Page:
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Where this might become the most relevant in the game is that instead of having a central keep as your base of operations, it looks like you're going to use a ship. Your ship has a crew, it requires supplies including food, water and cannonballs, and it has to be kept repaired. It also looks like you'll get to upgrade (or replace) your ship as you go along, so you'll get to become a terror of the seas, or a pirate hunter, or maybe a friendly but boring merchant.
However, the few ship battles I tried out weren't great. Instead of action sequences involving maneuvering ships around, everything is handled via text. During each round of a battle, you get a certain number of actions depending on your sailing rank, and these actions can be to sail forward, or turn, or fire your cannons, or redeploy your crew (in case, for example, one of your cannoneers gets wounded, leaving you with an untended cannon). I tried a couple of times to close in with the other ship, but this just got my ship blown to pieces, and so I contented myself with using my cannons at every opportunity. If you destroy the other ship, then you collect a lot of gear from the enemy crew (and you can share the captured gold with your own crew to improve their morale). If you're able to capture the ship, then maybe that's a way to receive supplies or upgrade your ship. Ships have equipment slots for things like hull, sails, and cannons, so hopefully equipping your ship will be just as fun as equipping your party.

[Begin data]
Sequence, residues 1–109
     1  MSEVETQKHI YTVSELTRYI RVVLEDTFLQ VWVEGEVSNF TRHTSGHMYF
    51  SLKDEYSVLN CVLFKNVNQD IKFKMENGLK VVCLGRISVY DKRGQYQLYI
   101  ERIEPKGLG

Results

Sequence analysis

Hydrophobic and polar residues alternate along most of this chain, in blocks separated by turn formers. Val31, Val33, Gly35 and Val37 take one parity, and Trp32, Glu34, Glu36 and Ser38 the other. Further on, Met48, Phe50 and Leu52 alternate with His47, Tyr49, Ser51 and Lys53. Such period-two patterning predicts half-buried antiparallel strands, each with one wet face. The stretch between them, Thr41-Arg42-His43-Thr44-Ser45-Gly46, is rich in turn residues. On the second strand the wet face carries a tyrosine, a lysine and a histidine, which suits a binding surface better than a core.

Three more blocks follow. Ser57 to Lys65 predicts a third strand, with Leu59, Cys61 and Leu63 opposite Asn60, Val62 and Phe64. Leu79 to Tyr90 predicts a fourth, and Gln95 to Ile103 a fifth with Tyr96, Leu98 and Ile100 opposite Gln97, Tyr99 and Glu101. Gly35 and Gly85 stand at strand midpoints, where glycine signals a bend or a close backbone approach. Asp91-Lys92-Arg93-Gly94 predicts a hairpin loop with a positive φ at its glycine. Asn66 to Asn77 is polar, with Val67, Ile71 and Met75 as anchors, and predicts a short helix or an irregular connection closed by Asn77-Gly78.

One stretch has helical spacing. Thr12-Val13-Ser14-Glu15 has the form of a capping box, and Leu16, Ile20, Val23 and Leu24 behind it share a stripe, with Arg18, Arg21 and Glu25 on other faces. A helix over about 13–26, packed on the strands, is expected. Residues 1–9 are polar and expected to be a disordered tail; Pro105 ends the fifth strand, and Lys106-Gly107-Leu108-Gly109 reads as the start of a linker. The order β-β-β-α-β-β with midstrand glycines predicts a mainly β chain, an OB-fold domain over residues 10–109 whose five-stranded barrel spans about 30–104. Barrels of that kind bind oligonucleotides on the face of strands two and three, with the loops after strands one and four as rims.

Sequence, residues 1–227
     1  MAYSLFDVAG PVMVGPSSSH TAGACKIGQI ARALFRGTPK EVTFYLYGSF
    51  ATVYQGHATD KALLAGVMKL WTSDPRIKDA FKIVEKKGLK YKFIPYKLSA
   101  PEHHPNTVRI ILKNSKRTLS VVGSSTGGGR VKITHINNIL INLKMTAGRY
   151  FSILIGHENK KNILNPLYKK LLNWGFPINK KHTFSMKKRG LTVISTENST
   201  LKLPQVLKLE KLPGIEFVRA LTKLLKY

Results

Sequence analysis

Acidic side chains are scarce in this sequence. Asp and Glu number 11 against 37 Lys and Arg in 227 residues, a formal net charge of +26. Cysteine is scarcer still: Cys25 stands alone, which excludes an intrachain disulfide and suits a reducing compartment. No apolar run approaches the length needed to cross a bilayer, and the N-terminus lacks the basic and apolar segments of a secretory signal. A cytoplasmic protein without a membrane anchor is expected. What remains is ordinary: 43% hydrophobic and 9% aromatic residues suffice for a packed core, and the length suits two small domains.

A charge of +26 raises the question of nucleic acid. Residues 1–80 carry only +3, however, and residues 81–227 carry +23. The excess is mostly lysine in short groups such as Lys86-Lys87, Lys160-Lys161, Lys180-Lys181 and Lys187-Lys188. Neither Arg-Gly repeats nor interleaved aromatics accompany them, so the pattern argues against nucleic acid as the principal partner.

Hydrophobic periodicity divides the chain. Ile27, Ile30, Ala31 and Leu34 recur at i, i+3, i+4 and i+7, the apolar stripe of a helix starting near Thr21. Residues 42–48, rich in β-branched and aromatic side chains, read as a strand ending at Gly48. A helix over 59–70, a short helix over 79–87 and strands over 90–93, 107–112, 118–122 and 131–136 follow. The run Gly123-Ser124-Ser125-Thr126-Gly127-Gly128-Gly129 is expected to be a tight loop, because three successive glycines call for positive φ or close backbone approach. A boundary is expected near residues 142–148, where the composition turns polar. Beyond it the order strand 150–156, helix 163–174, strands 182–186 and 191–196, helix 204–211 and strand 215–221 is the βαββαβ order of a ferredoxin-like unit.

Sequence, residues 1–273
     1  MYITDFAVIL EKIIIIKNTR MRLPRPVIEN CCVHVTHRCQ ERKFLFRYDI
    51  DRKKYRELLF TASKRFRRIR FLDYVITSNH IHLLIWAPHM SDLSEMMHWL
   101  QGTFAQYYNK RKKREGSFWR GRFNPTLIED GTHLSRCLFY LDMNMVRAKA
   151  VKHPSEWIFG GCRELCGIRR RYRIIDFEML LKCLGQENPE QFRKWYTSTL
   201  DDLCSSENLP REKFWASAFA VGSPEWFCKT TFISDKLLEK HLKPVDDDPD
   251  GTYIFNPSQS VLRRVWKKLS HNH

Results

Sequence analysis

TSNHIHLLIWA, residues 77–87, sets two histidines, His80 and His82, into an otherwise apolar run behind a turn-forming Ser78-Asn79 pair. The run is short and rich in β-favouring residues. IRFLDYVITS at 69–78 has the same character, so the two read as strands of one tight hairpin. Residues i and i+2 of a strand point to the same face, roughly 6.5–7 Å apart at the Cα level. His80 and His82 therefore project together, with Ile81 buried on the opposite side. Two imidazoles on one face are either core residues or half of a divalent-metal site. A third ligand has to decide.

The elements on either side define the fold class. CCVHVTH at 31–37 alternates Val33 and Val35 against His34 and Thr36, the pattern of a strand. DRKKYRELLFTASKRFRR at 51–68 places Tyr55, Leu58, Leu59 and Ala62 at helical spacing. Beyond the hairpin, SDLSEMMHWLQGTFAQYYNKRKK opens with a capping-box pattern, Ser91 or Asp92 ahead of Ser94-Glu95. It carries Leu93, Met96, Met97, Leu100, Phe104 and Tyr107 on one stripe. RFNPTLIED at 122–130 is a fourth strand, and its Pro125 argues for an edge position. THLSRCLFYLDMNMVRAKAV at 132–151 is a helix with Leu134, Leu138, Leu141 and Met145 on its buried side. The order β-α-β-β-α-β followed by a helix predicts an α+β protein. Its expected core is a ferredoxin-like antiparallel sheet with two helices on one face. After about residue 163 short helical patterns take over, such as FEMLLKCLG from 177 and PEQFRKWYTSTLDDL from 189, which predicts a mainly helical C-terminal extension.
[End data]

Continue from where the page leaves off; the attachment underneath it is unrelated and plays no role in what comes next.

When regular combat pops up, it's handled in real time, but you're allowed to pause the game whenever you want to take stock of the situation and give orders. By default, all of your characters use AI, but you're allowed to turn it on or off at will, or change how it works. The AI functions reasonably well, but your characters use up their abilities and spells quickly, and my wizard didn't have any issue with blowing up my party, so I eventually turned it off. I would have liked a setting where my party fights with their weapons automatically, but I control abilities and spells. If there's an easy way to set up the (perhaps overly complicated) AI system to do that, I didn't see it.
Instead of the strange health system from Pillars of Eternity (where characters only got to use some of their health for each battle), now characters just have health, and if they lose it all during a battle, then they get knocked out and receive an injury. If your entire party gets knocked out, then you die and have to load your game, and if a character gets knocked out while they have an injury, then they get killed, and you have to replace them (or, more likely, load your game).
All abilities and spells are limited on a per battle basis, and characters automatically (and quickly) regain their health at the end of a battle. So the only reason to rest is to remove injuries. That means you don't need to rest very often, and you can hang onto resting bonuses (gained from resting at an inn or from eating special foods when camping) for much longer.
The battles I saw were tough, and none of them were of the trash variety, so you're not likely to get bored while exploring. I didn't see any boss creatures (like dragons), and the equipment rewards weren't very exciting, but those might be works in progress. However, I did see a soulbound weapon (which you can level up by attaching it to a character, potentially making it very powerful), so those are back
In total, the preview version of Pillars of Eternity II: Deadfire that I played took about five hours to complete. Supposedly, it included about 5% of the total game content, which makes it easy to calculate that the Deadfire campaign might take somewhere around 100 hours to complete. Everything looks promising at this point, and I'm confident that Obsidian will file away the existing rough edges to produce a polished gaming experience. Look for Deadfire to become available starting on April 3rd.
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